(A and B) α-Amylase and α-glucosidase activities of β-TC-6 pancreatic cells after 24 h treatment with different concentrations of OL-E and OL-L that evaluated by the optical absorbance measurements, () control, () OL-E, () OL-L. Biological response of each compound assessed separately in samples. All data are presented as mean±SD; n=3. *Significant difference at p < 0.05 in comparison to control according to one-way ANOVA, followed by Tukey's post hoc test. #Significant difference of OL-E compared to OL-L at the same concentration. (C and D) IC50 values of studied derivatives for α-amylase and α-glucosidase activities in pancreatic cells. All data are shown as mean±SD. *Significant difference at p < 0.05 in comparison to OL-L group
OL-E at 50, 100 and 200 μM concentrations considerably enhanced the insulin secretion to 34.09, 47.36 and 16.93 %, respectively, compared to the control. In addition, 50, 100 and 200 μM concentrations of OL-L remarkably increased the insulin secretion to 16.70, 32.26 and 11.44 %, respectively, relative to the control (fig. 4A).
OL-L at 100, 20 and 400 μM concentrations remarkably increased glucose uptake to 17.4, 27.1 and 39.8 %, respectively, compared to the control. In addition, 100, 200 and 400 μM concentrations of OL-E considerably enhanced increased the glucose uptake to 31.5, 59.7 and 73.5 %, respectively, compared to the control (fig. 4B).
Figure 4: Oleracein E and oleracein L effects on insulin secretion and glucose uptake levels
(A and B) Insulin secretion and glucose uptake levels in β-TC-6 pancreatic cells as mg/g protein and nmol/g protein respectively after 24 h treatment with different levels of OL-E and OL-L that determined by serologic assay kit and measurements of fluorescence intensity excitation/emission respectively, () control, () OL-E, () OL-L. Data of each compound evaluated independently in cell lysate samples and presented as mean±SD; n=3. *Significant difference at p < 0.05 in comparison to control according to one-way ANOVA, followed by Tukey's post hoc test. #Significant difference of OL-E compared to OL-L at the same concentration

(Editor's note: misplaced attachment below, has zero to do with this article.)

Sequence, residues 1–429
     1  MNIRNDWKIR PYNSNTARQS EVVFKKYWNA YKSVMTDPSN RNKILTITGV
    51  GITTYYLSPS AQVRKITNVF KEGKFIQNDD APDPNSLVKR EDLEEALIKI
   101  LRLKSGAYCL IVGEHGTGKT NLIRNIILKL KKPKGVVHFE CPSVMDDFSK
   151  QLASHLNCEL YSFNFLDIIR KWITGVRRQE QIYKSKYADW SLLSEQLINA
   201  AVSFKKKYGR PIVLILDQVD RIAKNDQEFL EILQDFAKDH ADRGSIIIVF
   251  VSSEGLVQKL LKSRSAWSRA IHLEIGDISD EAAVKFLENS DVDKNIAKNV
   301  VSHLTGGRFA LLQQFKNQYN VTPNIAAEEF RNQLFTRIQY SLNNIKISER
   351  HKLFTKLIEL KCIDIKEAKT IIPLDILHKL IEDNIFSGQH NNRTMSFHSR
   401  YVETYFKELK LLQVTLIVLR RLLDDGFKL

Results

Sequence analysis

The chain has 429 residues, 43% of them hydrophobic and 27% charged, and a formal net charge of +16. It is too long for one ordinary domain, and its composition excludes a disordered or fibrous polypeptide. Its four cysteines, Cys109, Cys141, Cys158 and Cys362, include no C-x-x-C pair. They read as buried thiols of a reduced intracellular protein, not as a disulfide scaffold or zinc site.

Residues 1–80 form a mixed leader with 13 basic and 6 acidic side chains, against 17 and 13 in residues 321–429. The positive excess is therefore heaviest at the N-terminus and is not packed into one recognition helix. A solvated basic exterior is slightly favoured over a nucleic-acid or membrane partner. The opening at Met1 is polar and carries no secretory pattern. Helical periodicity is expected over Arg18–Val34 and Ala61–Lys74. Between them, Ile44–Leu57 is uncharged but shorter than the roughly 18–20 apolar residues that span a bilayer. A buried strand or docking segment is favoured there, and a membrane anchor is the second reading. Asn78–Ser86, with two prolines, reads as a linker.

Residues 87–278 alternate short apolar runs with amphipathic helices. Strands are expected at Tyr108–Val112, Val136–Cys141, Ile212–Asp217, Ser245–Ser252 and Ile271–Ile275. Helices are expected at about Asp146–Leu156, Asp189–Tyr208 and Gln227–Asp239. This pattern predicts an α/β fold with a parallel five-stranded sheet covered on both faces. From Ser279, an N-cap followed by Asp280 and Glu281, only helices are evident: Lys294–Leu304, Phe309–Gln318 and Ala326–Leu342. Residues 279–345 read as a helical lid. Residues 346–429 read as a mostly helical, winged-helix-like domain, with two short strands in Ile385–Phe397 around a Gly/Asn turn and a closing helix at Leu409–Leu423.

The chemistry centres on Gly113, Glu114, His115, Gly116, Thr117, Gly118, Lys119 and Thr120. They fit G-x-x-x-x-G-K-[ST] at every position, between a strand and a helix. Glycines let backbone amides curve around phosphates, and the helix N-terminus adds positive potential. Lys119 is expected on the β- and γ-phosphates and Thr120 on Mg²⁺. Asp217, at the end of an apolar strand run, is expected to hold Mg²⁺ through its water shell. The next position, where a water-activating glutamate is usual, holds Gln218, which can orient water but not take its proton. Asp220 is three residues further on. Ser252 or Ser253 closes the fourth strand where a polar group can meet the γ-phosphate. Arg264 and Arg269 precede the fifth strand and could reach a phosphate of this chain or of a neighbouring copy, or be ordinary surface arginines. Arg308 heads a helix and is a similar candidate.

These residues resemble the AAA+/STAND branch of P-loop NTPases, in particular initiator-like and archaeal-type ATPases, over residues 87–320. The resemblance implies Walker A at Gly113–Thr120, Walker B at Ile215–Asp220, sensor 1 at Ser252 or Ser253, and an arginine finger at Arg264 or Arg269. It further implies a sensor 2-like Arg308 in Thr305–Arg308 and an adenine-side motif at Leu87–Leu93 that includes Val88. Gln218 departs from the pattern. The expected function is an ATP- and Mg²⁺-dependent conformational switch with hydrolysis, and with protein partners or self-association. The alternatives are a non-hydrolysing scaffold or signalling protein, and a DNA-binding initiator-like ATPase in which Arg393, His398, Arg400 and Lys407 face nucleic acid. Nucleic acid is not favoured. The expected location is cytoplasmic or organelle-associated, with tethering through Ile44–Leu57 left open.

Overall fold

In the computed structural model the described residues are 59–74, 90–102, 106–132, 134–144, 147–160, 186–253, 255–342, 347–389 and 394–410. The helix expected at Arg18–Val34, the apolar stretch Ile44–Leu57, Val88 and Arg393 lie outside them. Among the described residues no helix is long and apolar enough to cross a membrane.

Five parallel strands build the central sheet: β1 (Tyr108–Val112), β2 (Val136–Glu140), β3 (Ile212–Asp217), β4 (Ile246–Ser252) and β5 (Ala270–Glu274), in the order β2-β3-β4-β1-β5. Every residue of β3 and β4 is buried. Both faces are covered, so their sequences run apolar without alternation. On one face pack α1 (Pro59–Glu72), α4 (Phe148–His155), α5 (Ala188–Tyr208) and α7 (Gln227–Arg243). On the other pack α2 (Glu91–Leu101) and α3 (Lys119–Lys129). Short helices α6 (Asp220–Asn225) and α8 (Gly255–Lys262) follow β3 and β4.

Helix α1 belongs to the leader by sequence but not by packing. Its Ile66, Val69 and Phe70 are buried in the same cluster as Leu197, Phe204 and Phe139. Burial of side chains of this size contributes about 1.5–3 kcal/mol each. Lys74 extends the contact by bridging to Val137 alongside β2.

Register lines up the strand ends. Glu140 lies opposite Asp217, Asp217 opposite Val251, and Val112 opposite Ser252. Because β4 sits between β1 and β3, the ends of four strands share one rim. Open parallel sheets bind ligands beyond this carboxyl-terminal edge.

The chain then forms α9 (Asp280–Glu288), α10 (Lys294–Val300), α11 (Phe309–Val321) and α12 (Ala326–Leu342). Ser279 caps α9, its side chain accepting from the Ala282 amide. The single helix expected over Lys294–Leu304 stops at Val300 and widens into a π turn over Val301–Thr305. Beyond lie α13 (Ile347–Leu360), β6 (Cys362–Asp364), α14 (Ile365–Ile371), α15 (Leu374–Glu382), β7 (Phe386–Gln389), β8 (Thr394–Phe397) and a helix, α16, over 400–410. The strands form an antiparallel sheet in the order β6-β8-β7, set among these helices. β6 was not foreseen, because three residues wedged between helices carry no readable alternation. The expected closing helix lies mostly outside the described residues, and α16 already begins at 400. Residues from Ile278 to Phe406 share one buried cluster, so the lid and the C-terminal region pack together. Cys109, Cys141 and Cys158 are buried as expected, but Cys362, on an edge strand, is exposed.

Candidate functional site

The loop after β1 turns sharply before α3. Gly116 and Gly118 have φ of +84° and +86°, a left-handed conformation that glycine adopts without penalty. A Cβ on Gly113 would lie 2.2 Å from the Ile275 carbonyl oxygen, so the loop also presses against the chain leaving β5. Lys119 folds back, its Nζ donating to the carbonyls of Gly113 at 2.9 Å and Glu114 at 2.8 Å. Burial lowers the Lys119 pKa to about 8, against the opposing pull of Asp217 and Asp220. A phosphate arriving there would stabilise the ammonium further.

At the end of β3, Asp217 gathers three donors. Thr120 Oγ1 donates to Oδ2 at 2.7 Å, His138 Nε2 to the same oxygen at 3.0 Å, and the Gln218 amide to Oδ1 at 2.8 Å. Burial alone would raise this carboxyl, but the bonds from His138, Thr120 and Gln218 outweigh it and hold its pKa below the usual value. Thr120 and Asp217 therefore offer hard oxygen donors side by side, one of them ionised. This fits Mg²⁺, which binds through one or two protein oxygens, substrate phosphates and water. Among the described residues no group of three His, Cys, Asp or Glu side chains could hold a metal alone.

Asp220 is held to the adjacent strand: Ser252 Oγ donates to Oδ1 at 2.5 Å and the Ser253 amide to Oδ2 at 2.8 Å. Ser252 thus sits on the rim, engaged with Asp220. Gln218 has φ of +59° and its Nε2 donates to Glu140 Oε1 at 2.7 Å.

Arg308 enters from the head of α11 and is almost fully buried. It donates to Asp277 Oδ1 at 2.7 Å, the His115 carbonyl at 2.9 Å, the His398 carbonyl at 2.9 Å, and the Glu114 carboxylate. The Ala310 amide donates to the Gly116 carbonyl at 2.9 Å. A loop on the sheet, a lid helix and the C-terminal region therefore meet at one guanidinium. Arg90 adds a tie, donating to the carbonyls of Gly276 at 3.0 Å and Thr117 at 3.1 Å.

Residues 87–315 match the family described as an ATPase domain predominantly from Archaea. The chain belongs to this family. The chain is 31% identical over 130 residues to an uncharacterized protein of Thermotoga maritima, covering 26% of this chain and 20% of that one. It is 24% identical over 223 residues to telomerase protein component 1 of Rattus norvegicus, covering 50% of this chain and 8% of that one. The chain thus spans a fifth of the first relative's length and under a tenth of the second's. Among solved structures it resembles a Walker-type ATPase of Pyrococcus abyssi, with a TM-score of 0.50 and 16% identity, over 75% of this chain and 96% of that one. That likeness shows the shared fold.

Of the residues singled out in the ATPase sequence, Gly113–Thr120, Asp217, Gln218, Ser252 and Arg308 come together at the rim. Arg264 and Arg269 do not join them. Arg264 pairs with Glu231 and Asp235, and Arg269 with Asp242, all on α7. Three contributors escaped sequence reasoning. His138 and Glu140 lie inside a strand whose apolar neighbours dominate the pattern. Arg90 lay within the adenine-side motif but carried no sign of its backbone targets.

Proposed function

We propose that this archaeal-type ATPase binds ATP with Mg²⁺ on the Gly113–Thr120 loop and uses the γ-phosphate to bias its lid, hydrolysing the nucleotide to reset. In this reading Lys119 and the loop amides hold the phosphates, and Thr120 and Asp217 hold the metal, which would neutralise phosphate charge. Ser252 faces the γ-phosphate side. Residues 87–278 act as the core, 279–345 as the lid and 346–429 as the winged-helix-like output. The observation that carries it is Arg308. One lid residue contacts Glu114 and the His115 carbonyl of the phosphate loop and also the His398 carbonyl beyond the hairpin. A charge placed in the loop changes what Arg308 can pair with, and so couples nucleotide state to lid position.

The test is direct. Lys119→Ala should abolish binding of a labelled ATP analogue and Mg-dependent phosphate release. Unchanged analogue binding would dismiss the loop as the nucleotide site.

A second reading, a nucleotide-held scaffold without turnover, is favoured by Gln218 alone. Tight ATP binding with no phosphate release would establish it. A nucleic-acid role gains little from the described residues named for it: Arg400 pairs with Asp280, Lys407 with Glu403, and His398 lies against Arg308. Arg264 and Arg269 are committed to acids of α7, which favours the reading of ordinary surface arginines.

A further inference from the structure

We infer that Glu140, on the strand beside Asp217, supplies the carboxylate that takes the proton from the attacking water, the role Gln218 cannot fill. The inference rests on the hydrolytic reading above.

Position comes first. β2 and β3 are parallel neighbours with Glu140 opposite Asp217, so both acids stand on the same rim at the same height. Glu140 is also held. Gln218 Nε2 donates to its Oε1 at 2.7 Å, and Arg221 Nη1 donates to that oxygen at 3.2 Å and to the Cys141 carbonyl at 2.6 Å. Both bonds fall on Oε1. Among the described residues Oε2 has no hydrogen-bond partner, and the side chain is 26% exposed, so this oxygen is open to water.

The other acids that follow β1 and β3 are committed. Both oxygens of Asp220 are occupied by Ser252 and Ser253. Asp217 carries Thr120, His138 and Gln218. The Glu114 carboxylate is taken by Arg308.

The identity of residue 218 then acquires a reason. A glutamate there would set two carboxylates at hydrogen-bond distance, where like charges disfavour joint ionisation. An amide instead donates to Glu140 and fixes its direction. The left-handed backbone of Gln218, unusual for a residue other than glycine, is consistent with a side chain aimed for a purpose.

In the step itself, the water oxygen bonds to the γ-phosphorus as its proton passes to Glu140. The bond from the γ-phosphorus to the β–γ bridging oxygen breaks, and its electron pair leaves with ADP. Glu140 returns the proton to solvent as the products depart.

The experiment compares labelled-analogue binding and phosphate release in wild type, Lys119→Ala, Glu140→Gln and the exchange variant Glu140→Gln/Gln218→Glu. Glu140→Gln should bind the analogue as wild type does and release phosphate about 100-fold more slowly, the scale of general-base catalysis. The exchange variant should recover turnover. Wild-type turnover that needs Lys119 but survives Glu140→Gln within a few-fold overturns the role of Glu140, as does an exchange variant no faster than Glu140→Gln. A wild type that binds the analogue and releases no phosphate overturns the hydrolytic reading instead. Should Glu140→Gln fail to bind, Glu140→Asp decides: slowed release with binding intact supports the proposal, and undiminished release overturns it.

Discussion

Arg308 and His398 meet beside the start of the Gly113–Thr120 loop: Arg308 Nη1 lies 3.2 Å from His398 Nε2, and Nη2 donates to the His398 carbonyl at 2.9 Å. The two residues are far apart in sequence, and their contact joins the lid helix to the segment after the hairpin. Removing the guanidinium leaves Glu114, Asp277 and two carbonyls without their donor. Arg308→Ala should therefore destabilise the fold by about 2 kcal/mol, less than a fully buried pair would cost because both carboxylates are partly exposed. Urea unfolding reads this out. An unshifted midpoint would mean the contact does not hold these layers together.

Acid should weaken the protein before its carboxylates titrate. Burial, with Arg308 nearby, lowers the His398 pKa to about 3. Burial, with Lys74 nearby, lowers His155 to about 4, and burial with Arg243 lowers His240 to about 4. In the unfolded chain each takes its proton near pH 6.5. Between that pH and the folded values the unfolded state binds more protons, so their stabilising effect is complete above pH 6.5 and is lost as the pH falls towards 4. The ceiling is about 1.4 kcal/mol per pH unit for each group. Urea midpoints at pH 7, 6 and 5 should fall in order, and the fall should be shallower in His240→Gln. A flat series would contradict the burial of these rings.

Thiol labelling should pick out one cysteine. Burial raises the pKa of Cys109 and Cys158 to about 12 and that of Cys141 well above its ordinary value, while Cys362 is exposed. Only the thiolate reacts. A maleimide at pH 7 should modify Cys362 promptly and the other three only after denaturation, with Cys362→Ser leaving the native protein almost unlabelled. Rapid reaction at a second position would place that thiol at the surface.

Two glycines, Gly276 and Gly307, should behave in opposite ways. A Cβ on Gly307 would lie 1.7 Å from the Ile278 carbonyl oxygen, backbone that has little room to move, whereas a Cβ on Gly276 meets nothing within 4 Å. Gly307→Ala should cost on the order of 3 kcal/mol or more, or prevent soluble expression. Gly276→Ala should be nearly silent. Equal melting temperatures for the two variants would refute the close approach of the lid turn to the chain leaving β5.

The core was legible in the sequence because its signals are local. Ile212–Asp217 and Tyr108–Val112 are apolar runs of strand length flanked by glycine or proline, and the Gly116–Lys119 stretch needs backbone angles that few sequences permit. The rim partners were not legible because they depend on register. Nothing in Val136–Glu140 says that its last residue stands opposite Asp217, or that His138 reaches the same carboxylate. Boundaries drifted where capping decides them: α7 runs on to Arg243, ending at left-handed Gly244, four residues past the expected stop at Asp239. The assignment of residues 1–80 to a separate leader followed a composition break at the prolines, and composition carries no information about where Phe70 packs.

The effects of two studied tetrahydroisoquinoline on the viability of β-TC-6 pancreatic cells with MTT assay are presented in fig. 5. Any significant cellular toxicity was observed in the low to moderate dose of studied compounds. At concentrations higher than 100 μM, both OL-L and OL-E could decrease cell survival (p<0.05) and there was no difference between them in this respect.
Figure 5: Cell viability and IC50 values of investigated derivatives for cell viability in β-TC-6 pancreatic cells
(A) Cell viability of β-TC-6 pancreatic cells as the percent of control after 24 h treatment with different concentrations of Oleracein E (OL-E) and oleracein L (OL-L) that determined by the MTT assay. Biological response of each compound determined independently in cell lysate samples, () control, () OL-E, () OL-L. All data are described as mean survival relative to the untreated control ±SD; n=3. *Significant difference at p < 0.05 in comparison to control according to one-way ANOVA, followed by Tukey's post hoc test. (B) IC50 values of investigated derivatives for cell viability in β-TC-6 pancreatic cells. All data are shown as mean±SD. There was no statistically significant difference between OL-E and OL-L
Portulaca oleracea was known as an effective and safe complementary therapy for DM without any hypoglycemic, hypolipidemic and insulin resistance side effects. The suppression of hyperglycemia, diabetic vascular inflammation, and prevention of the diabetic endothelial dysfunction have been demonstrated with aqueous extract of purslane.
Phenolic alkaloids, including OL-E and OL-L as a remarkable class of antioxidants in purslane. In the current study, the effects of 0, 50, 100, 200 and 400 μM concentrations of OL-E and OL-L on the activities of antioxidant enzymes, oxidative damage biomarkers and antidiabetic index levels on β-TC-6 pancreatic cell line were studied.
Persistent oxidative stress is related to DNA damage and disrupting of pancreatic islet β cell mass, glucose toxicity, and it has been considered as central mediators of insulin resistance[37-39]. Data obtained in the present investigation confirmed that both OL-E and OL-L up to 100 μM concentrations almost equally increased SOD, catalase and GPx activity in a dose-dependent fashion and on the contrary, MDA and DTY were reduced. But the concentrations above 100 μM, did not have such an outcome.